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Seven Miles a Second
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Seven Miles a Second

3.98 of 5 stars 3.98  ·  rating details  ·  230 ratings  ·  36 reviews
This is the gripping autobiography of David Wojnarowicz, a controversial, world renowned artist and writer who died of AIDS-related causes in 1992. This unflinching story chronicles Wojnarowicz's childhood of prostitution in New York City, his homelessness and drug addiction, and the devastating illness that made him a pariah.
Paperback, 64 pages
Published May 1st 1996 by DC Comics
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David Schaafsma
"Escape velocity is the speed that an object needs to be traveling to break free of a planet or moon's gravity well and leave it without further propulsion. For example, a spacecraft leaving the surface of Earth needs to be going 7 miles per second, or nearly 25,000 miles per hour to leave without falling back to the surface or falling into orbit." www.qrk.northwestern. edu

This text, which I am told is a cult classic, was released in 1996, four years after Wojnarowicz's AIDS-related death, and i
One of the blurbs described this book as a "primal scream." Seems about right. It doesn't feel to me like it qualifies as a graphic "novel" only because it is so brief and loosely structured. The narrative seems to hang on 3 scenes or moments from Wojnarowicz's life - one of hustling as a youth, another living hand-to-mouth on the street, and then as a young adult living in an AIDS-induced fever dream. The art is extremely visceral and unnerving. Sections of it reminded me of Frank Miller's grit ...more
This had been on my to-read shelf for awhile and was on the Denver Public Library's LGBTQ comics list. After a few pages, I wished it had come with a trigger warning (due to graphic depictions of the author's experiences as an underage prostitute, including a violent assault). By the time I figured out who the author was, that he's already well-known and died of AIDS-related causes in '92, the text and accompanying images had taken on a much more purposeful and brilliantly painful scope in my mi ...more
I don't have very many shelves that fit this book, so that goes to show it's not my normal jam. It's a brief novel - it took me an hour to read, if that - about David Wojnarowicz, dying of AIDS. It was a bit like watching someone's dream, disjointed and disturbing. Like dreams, each page seemed to melt into the ones before and there was little of substance to hold onto. I can see this being very emotional for anyone who was alive in the 80s. I kept thinking of something I read once, couldn't rem ...more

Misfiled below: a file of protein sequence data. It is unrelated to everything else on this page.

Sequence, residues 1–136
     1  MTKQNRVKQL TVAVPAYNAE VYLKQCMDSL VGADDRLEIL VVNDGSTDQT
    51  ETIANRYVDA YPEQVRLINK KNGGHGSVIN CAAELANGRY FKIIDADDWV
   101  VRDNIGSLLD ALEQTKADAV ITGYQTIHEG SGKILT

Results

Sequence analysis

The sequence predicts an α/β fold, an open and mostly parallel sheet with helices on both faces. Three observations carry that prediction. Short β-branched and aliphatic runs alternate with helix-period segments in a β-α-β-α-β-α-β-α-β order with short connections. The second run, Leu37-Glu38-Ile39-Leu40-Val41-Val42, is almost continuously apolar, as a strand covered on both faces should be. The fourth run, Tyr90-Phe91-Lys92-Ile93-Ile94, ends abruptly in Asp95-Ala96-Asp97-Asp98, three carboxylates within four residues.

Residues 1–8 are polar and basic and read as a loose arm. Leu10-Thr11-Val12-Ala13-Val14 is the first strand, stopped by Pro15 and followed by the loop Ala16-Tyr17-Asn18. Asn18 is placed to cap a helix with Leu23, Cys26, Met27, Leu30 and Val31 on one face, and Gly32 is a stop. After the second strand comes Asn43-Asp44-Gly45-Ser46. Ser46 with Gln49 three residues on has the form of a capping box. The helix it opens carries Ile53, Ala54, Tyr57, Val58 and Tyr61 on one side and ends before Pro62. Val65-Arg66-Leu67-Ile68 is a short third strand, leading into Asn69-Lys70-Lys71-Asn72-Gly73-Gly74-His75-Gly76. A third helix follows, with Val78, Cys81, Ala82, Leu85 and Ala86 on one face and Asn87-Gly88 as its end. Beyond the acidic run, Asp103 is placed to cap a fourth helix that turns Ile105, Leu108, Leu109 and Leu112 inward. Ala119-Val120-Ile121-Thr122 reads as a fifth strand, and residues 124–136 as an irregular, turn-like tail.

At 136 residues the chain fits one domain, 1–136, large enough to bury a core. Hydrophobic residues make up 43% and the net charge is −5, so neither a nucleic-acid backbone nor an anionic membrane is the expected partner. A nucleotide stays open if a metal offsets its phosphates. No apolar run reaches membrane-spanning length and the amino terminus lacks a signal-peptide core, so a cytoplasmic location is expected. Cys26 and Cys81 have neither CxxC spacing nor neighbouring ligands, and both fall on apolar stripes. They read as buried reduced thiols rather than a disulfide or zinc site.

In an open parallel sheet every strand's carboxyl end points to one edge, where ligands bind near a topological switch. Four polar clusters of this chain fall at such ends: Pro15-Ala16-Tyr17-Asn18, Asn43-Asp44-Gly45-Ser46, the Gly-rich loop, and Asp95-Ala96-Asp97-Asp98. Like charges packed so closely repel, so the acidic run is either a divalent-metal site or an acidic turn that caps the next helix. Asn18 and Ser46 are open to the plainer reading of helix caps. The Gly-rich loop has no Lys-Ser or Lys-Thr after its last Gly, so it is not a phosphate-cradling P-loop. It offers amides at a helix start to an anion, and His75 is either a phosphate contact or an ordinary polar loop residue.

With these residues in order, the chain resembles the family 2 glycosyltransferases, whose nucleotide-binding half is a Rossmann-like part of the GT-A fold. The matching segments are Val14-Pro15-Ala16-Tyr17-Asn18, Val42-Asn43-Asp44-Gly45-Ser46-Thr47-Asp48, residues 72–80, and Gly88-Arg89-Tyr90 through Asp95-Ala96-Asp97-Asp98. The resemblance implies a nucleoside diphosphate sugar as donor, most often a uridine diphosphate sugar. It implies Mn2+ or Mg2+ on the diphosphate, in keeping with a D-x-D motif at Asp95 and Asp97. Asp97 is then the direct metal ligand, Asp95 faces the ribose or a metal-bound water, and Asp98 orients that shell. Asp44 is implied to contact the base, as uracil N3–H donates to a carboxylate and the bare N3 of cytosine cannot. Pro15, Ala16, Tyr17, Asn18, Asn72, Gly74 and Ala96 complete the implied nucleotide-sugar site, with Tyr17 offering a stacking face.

I always feel guilty criticizing work as personal as Wojnarowicz's. Especially since his voice, while personal, has come to represent so many without voices.


The best things here, in my opinion, are the art and the watercolors, which to my eye are gorgeous.
Tara Jay
Wojnarowicz is just one of my favorite writers period, so the mediocre rating isn't because of the text -- it's because I'm not sure if repackaging and decontextualizing his work in this way is necessary. Found it more distracting than anything.
Scott Robins
Raw, powerful and such an important book. Someone should save this book from DC Comics and reprint it.
Josephus FromPlacitas
Beautifully executed, bewildering in narrative. More impressionistic than plot-driven. Very hallucinatory, which made it hard to follow some of the longer passages of rambling text. The art was great, with a really weird, unsettling color palette and a creepy way of describing the human form in all its states of decay, despair, and deterioration. Gave me a bizarrely nostalgic feeling for a time (that I never really knew) when New York was hideous and truly dangerous, a place where youth went to ...more
Alex Onôv
¿Cómo he podido llegar hasta hoy sin leer esta obra maestra? Para los que hemos crecido en los 80 y 90, esta maravilla literaria y del cómic es una referencia indispensable. Todo (el texto brutal, el crudo dibujo, el color expresionista) se conjura para crear una obra visceral e intensa que te jode el día pero al mismo tiempo te desvela una gran verdad mientras satisface tus más elevadas papilas gustativas.
Devastating, cruel, and vital. You feel a visceral reaction -- I mean literally visceral, an ache in your guts -- as you turn from one horror-drenched page to the next. Made me want to rush out and get Wojnarowicz's actual diaries so I could mainline more of that seething rage.

Minus one star for the unfortunate package. First off, comics pricing is out of control these days -- $20 for a 50 page mediocrely drawn book?? Yes, sadly, the artwork (not by Wojnarowicz but by his gallerist James Romber